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Chamber hosts virtual Ballot Briefing Power Hour

By CHAMBER OF COMMERCE - | Oct 8, 2020

PHOTO PROVIDED Michael Nachef

As an expert on the Florida constitution and amendment process, Michael Nachef, system director of government relations for Lee Health, advised members of the Sanibel & Captiva Islands Chamber of Commerce to strive to keep the Florida constitution “clean” when voting in November. He spoke on ballot amendments during a virtual meeting hosted by the chamber’s Government Affairs Committee on Oct. 2.

“The Florida constitution should be amended as little as possible,” Nachef said. “As a general rule, I would say vote ‘no’ on ballot initiatives, because the constitution should remain a clean foundational document — unless you feel strongly about any of these.”

After introductions by chamber President John Lai and Government Affairs Committee Chair Robert Monk, Nachef provided an overview of Lee Health’s current COVID-19 status. He reported that the hospitals are closing some of the emergency skilled nursing stepdown units designed for COVID after care, but stand ready for any potential surges.

He then addressed the six state constitutional amendments proposed on the 2020 ballot. He pointed out that the Florida Chamber of Commerce either opposed or took no position on all of the amendments.

The first amendment would slightly change the standing language of the constitution to clarify that only U.S. citizens may vote in Florida elections, a change Nachef deemed possibly unnecessary.

Number two would raise Florida’s minimum wage to $10 per hour starting Sept. 30, then add $1 each year until Sep. 30, 2026, with a $15 per hour cap. He pointed out that Florida would be the first state to codify minimum wage in the constitution, but with attorney John Morgan sponsoring it, “you can bet it will be a tough fight.”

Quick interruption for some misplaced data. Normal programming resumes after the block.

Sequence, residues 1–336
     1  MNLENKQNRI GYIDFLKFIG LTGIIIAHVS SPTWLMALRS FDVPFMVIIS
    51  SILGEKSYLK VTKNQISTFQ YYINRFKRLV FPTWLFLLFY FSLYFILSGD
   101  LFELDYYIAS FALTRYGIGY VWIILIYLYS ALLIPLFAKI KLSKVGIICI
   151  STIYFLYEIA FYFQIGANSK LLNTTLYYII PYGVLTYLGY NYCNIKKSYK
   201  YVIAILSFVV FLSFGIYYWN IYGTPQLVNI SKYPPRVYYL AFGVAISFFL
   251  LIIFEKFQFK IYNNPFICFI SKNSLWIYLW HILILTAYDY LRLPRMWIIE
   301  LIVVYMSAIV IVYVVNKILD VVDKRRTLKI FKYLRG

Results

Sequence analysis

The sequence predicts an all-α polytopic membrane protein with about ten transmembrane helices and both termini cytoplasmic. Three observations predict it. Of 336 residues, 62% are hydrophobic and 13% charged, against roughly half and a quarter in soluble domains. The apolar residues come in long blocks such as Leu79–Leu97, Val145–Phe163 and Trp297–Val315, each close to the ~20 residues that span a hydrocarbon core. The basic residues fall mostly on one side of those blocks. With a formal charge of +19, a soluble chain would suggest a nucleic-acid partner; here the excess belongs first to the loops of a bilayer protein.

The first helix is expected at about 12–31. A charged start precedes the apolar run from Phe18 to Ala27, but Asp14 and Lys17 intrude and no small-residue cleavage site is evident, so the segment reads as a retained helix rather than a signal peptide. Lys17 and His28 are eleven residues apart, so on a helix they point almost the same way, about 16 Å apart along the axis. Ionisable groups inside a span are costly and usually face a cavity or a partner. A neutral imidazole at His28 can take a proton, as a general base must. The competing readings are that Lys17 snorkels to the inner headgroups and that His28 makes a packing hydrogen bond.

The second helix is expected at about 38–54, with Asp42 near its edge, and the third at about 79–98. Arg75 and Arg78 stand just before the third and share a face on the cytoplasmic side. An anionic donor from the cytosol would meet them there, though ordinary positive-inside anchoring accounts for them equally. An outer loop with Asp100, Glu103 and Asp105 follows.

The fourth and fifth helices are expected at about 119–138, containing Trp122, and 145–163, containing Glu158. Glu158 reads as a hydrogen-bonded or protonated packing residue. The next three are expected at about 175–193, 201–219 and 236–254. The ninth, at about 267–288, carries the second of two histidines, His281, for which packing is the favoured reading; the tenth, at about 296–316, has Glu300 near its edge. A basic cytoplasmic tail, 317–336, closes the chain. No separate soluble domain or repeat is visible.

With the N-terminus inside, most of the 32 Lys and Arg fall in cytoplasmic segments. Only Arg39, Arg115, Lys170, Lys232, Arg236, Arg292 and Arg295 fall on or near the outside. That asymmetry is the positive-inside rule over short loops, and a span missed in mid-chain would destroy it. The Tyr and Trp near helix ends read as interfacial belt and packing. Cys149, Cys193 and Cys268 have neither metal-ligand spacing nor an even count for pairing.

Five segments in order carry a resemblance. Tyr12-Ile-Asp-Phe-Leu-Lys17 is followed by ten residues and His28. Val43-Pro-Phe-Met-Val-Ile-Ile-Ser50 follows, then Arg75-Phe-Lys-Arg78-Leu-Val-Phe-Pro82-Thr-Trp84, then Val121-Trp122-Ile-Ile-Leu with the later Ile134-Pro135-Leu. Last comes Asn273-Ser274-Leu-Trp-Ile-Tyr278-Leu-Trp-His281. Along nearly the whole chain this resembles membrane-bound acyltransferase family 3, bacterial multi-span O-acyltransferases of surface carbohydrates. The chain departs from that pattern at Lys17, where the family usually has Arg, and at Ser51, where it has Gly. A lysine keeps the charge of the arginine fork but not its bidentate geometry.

Nachef called the third amendment “the most fascinating one.” It would allow all voters to vote in primary elections for the state legislature, governor and cabinet, regardless of party affiliation. The implications are complex, he said, and many organizations oppose how it would affect party politics, including the parties themselves, the Florida Chamber of Commerce and League of Women Voters.

Amendment 4 would require voter approval of all revisions to the constitution in two separate elections. Currently, a 60 percent voter approval threshold is required to get an amendment on the ballot. Nachef instead recommended raising the threshold rather than putting an amendment to a vote on two subsequent ballots.

The final two amendments come from the Florida Legislature to change provisions already in the constitution. Number five would extend the period of time, from two to three years, during which homestead property benefits could be transferred from one homestead to a new one. Six relates to transferring homestead benefits of certain deceased veterans to their spouses. Both amendments would take effect on Jan. 1.

As a former Florida legislative assistant and current registered lobbyist, Nachef works closely with elected officials and their staff at the local, state and federal levels. His work is focused on policy and funding issues that affect healthcare delivery and cost for Southwest Florida residents. He works with hospital, community, statewide and national leaders to achieve positive outcomes for Lee Health.

“He’s someone whom I regard as one of the smartest persons I’ve ever met,” Lai said.

In closing, he asked the lobbyist for a snapshot of how the upcoming legislative session will look.

Nachef responded that although the 2021 session will run on the normal March to May timeline, it will continue to be driven by the financial impact of COVID and whatever happens in November.

“Not just who gets elected, but it will speak to mandate what’s important to voters,” he said.

“Be ready,” Nachef cautioned. “(You’ll need) tough skin this year.”